The multifaceted nature of broadcast PR
A new white paper from 4mediarelations has uncovered the secrets to a successful broadcast PR campaign in the 21st century by analysing how the role of traditional media is being impacted by disruptive forces of the digital age.
Public Relations has been at the forefront of evolutionary change in the media scape, but is still bound by traditional outputs and methods. Broadcast media is a particularly good case in point. Unlike print media – where a statistical drop off in print readership has coincided with an uptake of online readership – traditional broadcast media such as TV and radio have remained prominent and have even got more prominent among consumers of media, working in juxtaposition with new digital outputs.
Thus, PR professionals and agencies have had to adapt to an environment where they must be multifaceted. From live streaming and social media-led campaigns to traditional TV and radio placement, the broadcast industry demonstrates the many challenges and opportunities for brands in the 21st century, and how public relations is becoming more relevant as a result.
The biggest evolutionary leap in PR has arguably come in the past few decades with the advent of the internet. Although most companies now have web and social media presence, research has shown brands are not fully embracing new media, are ill-equipped to do so and have a fear of the technology (Alfonso & de ValbuenaMiguel, 2006). In an age where online news, social media and other digital media channels are slowly eroding the dominance of traditional media, this could be an expensive mistake to make.
Multimedia content is the vocal chords in the mouth of the internet. In the digital age people are constantly on the lookout for new and engaging ways of digesting content, which has manifested in a variety of new media forms, particularly in the broadcast industry. Businesses transmit messages through YouTube channels, digital press releases, Video News Reels (VNR’s), Live Streaming and Events. Given the amount of content businesses produce, the advent of multimedia is comparable to translating War and Peace into digestible snippets of engrossing video, audio and visual to be consumed anywhere and at any time, a tremendously powerful prospect indeed.
Traditional Broadcast Media
Traditional platforms have, however, not lost their dominance as a key transmitter of media consumption among the general public. An Atomik Research study found television and radio remain the most popular forms of media for breaking news and new music. What’s more, the introduction of paywalls is driving people back to the traditional stalwarts. It seems, therefore, that rather than replace old media, new channels are working in juxtaposition with them. Specialisation has come to the fore, which makes multi-channel coverage all the more important, particularly if the content is targeted.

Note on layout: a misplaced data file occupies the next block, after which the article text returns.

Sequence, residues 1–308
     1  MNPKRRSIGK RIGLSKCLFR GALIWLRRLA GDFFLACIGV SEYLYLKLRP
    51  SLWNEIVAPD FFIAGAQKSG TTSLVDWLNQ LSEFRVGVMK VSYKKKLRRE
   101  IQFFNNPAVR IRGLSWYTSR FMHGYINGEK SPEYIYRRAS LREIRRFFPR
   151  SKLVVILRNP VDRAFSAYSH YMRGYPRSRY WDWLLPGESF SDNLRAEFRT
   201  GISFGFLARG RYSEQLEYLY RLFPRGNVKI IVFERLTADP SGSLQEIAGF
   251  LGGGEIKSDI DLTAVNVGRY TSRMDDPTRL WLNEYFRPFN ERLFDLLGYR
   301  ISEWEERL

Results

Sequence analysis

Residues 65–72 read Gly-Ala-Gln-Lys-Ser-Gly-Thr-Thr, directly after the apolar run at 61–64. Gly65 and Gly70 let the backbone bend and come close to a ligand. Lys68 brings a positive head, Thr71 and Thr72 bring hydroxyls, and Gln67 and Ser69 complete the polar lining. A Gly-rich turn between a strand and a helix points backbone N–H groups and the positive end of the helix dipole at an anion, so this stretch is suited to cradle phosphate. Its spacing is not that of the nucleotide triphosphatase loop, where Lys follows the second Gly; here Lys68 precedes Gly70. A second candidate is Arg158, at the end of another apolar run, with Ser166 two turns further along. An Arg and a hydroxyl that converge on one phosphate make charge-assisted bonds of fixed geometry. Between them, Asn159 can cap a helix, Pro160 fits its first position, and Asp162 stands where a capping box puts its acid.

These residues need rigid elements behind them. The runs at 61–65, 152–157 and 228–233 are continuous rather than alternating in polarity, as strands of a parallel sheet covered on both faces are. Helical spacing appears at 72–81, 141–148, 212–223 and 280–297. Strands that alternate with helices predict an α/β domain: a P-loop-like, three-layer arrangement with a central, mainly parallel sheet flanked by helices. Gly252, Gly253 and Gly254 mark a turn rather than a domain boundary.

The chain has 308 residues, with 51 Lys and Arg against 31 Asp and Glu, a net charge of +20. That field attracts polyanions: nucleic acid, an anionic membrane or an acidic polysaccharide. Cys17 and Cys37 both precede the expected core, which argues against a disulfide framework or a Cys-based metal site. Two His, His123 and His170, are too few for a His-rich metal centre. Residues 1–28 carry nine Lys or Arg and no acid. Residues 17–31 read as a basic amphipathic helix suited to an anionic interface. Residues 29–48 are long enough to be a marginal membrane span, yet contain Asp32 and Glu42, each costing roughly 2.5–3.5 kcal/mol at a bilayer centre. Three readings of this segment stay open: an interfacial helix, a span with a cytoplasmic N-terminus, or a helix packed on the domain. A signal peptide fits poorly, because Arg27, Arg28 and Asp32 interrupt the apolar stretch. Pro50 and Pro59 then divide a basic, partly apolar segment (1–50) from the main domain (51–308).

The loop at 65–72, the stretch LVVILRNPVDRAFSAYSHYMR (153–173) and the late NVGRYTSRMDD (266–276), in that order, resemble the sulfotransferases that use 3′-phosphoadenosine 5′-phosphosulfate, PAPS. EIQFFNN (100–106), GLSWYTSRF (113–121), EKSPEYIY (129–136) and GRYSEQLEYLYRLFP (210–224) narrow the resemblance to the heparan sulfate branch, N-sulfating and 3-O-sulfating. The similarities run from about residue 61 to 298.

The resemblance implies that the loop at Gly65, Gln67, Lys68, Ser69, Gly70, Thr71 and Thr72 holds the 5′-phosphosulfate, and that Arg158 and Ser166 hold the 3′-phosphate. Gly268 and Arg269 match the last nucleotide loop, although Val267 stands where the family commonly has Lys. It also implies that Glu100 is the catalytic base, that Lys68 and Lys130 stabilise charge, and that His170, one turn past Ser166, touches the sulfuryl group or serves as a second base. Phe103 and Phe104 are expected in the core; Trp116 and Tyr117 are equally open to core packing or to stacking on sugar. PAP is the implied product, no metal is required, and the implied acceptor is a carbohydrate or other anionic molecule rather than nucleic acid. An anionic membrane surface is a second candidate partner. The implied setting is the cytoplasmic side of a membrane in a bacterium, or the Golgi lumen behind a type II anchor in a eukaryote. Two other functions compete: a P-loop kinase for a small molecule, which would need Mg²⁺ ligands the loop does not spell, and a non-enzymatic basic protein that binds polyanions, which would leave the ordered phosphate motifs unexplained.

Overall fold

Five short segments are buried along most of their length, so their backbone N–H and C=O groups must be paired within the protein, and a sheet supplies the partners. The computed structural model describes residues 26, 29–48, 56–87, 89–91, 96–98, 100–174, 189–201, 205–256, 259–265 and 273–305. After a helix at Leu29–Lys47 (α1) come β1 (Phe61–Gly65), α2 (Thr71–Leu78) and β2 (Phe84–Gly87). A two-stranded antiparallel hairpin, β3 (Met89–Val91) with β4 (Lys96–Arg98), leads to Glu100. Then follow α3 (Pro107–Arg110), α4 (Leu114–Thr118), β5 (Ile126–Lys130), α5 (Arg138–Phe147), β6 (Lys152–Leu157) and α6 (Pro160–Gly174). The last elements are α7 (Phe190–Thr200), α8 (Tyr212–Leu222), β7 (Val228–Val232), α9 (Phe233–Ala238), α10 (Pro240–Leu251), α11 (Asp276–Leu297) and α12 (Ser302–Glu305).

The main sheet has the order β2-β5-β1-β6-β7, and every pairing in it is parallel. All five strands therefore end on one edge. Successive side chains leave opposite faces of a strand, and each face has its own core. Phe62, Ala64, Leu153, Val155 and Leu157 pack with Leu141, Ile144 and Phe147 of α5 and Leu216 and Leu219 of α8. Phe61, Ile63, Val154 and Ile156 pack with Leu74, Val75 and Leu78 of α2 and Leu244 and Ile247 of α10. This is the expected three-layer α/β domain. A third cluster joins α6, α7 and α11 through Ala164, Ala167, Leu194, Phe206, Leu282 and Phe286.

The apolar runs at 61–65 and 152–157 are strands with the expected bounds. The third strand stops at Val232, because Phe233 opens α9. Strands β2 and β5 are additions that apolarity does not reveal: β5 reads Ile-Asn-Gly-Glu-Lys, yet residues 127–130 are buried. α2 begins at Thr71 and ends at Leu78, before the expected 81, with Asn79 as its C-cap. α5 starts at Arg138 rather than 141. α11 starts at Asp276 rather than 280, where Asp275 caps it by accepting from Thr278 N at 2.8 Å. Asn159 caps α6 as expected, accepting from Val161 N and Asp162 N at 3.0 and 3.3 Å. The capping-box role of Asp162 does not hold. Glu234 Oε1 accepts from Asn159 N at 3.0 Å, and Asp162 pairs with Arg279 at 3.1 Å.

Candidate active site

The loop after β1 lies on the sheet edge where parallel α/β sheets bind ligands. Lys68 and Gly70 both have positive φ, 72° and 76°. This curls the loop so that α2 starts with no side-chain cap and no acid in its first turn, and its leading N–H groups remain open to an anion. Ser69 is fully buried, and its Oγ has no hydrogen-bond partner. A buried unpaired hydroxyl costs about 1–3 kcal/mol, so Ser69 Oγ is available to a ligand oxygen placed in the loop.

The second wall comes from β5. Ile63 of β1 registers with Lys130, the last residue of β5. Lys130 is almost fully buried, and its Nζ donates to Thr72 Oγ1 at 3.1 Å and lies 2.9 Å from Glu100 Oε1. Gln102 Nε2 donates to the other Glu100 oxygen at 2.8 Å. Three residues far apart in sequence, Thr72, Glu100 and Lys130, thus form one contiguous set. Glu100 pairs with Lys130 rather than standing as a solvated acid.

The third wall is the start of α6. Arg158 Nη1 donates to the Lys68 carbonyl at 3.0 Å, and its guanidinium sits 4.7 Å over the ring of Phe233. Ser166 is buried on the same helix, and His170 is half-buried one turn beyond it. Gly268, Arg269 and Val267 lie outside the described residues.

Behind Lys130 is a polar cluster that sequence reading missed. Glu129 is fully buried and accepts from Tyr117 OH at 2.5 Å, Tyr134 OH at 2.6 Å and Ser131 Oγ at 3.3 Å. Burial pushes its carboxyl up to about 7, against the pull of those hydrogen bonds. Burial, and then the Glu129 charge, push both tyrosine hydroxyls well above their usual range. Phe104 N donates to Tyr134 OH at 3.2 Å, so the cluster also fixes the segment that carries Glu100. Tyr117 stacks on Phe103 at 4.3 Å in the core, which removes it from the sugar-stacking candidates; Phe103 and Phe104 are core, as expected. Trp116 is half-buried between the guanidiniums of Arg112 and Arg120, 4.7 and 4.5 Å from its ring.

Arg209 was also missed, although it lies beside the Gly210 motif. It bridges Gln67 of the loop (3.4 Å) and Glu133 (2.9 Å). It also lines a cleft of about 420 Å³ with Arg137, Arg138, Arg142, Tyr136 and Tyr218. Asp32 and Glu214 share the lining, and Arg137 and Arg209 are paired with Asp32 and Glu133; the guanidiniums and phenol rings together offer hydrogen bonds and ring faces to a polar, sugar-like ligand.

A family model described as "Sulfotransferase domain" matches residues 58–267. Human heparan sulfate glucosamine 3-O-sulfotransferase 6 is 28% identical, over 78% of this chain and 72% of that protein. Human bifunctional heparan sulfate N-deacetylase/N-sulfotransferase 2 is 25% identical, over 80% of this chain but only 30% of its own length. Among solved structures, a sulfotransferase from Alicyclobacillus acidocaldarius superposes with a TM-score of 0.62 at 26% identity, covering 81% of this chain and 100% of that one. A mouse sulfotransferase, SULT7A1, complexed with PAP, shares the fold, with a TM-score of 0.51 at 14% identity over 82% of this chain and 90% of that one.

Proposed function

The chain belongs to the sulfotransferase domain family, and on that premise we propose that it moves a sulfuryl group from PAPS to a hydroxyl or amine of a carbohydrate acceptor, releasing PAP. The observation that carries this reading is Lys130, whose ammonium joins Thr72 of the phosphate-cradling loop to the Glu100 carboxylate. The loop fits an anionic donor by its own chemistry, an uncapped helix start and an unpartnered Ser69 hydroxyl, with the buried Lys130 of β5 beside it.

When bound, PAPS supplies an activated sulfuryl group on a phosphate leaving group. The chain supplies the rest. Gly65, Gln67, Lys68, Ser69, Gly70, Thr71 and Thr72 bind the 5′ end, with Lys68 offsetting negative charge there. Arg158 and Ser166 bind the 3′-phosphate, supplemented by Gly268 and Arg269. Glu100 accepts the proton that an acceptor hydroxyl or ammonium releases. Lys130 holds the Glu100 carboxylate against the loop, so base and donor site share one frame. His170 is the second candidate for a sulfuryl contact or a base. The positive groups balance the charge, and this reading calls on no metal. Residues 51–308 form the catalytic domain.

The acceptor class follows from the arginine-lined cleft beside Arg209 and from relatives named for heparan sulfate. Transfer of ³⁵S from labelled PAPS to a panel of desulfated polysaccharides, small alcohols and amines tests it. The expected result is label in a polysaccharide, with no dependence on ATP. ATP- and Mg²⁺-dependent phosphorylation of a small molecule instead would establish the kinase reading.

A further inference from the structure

Alfonso & de ValbuenaMiguel’s research has highlighted that brands feel a little lost in the current media scape. Promoting a consistent message across numerous vital media channels has left both brands and agencies scratching their heads, and sector specialism will become increasingly important as a result.
PR professionals and agencies are presented with a wealth of opportunities with the evolution of broadcast. With more platforms at their disposal and a growing global audience within reach, there are roughly four considerations that should be made for every campaign:
- The core campaign
Core campaigns are the focal event, usually broadcast over the radio or television using a spokesperson or spokespeople, live event or occurrence. This centralised focus is key to multi-channel campaigns as it ensures key messages are communicated consistently. Radio interviews, b-roll or live streaming must therefore be well orchestrated.
- The subsidiary support
Subsidiary support is provided largely by new online channels and social media, which consumers are happy to digest alongside core campaigns. Twitter hashtags are a particularly good example of how this subsidiary support can help boost campaigns as it provides listeners/watchers with an outlet to interact with the brand. However, online features placed on websites and utilising YouTube, Facebook, Pinterest and other platforms are similarly valuable. The key to winning over neutral social media users is being creative with how you capture their attention.
- Multimedia backing
Multimedia content is the enabler of multichannel campaigns. Not only can people watch content, but they can share and interact with it in new ways across a number of channels. Broadcast campaigns that utilise YouTube channels, digital press releases, Video News Reels (VNR’s) and Live Streaming not only engage new sensory reactions but also open campaigns up to interaction. As discussed, social sharing is tremendously powerful but is not a given. Brands must fight for ‘shares’, ‘pins’ and ‘likes’ and will find the best way of doing so is creating engaging multimedia content.
- The case for specialisation
Using a single media platform to project brand messages is a similarly interesting prospect in the right circumstance. For brands with a specific appeal or identifiable audience, creating targeted messages rather than relying on mass media has proved to be a prudent tactic. Furthermore, this methodology is supported by research that suggests media consumption is becoming more specialised, with platforms adopting roles within the digital hemisphere, rather than attempting to offer a holistic service.
For specialised campaigns, industry knowledge is key. This is particularly true for new media, where brands must fight for viewers/ listeners by producing engaging content. In order for this to be achievable a ground knowledge the industry mixed with targeted, creative direction will give a campaign the best chance of success.
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